We understand it might seem impossible to declutter your home. Research shows that
decluttering your home actually decreases cortisol levels (that’s the chemical in your body that
makes you feel stressed). A cluttered house can also make you feel like you don’t have
everything under control.
Worryingly, crowded homes may contribute to children’s inability to regulate their emotions
and behaviour. But you know this, because it affects you too.
So is there a trick to easily learn how to declutter your home?
Declutter one day at a time
This isn’t a project you can do in one day. While you can make a dent in it with a big effort, this is
really a long term project. There are a couple of strategies- one is that you throw/ recycle/ give
away one thing a day for as long as required. Another one is the ‘Minimalism Game’, where you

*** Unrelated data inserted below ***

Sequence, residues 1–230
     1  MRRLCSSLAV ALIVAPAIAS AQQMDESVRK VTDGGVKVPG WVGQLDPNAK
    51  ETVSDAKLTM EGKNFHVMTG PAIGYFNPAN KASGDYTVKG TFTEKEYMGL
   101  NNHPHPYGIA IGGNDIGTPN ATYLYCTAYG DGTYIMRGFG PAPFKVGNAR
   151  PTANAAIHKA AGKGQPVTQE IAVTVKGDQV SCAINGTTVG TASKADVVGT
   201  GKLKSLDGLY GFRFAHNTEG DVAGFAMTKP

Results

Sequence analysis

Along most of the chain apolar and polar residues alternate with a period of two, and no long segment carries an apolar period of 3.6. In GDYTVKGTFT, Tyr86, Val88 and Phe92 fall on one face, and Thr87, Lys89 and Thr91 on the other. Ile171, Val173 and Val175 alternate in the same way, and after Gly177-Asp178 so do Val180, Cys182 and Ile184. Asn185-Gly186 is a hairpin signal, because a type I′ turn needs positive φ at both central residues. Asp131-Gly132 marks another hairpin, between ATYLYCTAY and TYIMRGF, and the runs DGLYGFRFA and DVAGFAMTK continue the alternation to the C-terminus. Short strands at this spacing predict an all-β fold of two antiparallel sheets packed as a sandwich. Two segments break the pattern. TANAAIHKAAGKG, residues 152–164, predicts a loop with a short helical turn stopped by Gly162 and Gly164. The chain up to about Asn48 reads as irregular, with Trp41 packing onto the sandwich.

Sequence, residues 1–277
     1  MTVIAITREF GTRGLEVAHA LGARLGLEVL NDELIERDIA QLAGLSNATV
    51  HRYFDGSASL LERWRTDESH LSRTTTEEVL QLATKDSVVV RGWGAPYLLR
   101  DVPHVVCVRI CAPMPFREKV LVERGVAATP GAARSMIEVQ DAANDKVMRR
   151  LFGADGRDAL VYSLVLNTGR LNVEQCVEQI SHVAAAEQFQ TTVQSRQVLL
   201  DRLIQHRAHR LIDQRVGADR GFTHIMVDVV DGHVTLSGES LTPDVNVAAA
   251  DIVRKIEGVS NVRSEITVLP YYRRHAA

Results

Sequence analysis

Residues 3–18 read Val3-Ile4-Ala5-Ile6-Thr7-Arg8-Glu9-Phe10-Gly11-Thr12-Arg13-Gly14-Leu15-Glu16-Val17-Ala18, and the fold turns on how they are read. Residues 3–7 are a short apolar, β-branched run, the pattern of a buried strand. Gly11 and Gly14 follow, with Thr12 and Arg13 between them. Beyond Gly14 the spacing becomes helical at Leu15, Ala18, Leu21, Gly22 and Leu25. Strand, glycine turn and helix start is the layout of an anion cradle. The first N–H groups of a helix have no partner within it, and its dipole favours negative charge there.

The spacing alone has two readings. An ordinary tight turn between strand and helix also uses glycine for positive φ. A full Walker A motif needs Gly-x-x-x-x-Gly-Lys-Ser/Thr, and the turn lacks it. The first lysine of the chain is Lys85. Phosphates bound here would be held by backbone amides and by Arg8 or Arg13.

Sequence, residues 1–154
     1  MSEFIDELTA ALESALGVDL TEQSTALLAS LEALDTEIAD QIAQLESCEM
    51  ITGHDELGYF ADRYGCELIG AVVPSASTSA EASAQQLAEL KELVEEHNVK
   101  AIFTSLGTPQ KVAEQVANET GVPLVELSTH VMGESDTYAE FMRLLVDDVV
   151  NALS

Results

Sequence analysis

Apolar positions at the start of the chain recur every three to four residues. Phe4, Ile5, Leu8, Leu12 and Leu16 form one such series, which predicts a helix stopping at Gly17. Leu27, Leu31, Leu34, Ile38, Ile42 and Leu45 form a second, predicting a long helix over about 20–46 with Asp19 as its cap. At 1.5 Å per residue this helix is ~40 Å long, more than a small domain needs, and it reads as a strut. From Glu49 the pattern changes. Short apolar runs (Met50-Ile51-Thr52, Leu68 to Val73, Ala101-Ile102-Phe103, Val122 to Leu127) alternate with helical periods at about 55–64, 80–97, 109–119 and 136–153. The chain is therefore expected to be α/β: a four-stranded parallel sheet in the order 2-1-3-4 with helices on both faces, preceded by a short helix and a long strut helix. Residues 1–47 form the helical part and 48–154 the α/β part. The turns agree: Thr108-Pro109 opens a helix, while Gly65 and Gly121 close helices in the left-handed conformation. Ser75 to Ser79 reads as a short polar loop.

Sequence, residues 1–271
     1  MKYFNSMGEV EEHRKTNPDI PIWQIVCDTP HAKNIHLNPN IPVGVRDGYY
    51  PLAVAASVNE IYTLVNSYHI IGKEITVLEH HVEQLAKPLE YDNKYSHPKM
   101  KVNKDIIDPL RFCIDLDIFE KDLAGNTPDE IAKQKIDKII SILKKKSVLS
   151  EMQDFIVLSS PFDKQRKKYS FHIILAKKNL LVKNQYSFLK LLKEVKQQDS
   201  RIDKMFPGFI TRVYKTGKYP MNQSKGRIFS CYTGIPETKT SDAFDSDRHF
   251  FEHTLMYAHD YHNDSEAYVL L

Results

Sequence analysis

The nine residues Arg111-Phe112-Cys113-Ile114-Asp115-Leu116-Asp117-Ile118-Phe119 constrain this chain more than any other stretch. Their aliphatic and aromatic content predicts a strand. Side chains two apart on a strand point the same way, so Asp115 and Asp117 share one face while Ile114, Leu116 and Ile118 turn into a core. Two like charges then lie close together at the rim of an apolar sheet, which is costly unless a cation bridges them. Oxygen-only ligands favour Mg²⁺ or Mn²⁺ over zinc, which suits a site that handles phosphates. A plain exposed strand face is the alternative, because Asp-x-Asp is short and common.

remove one thing on day one of the month, and add one thing a day, so that by the 31 st , you’ll
remove 31 things…. That’s 496 things!
Involve the kids
Get your children involved. Ask them to contribute the things they don’t play with/ fit/ use any
more. Even better, tell them that you’ll donate the goods to your local op-shop, so that their old
stuff goes to someone in need. You’ll be surprised by how giving children can be (and also, how
resistant they may be to removing some fairly innocuous things from their lives).
Imagine how accomplished you will feel
To be able to open your wardrobe and see clothes you actually wear, hanging tidily. Easily
opening and closing drawers that aren’t packed to overflowing with t-shirts, or broken kitchen
implements or dead batteries. Going into the garage and being able to access all your car doors
This kind of clutter takes up space in your brain and it’s tremendously empowering to remove
it. It gives you more energy and it makes you feel like you’ve achieved something. So if you’ve
been putting off decluttering your home, start today, with just one object (maybe even start
with your plastic cupboard). Even a flood starts with a single drop of rain.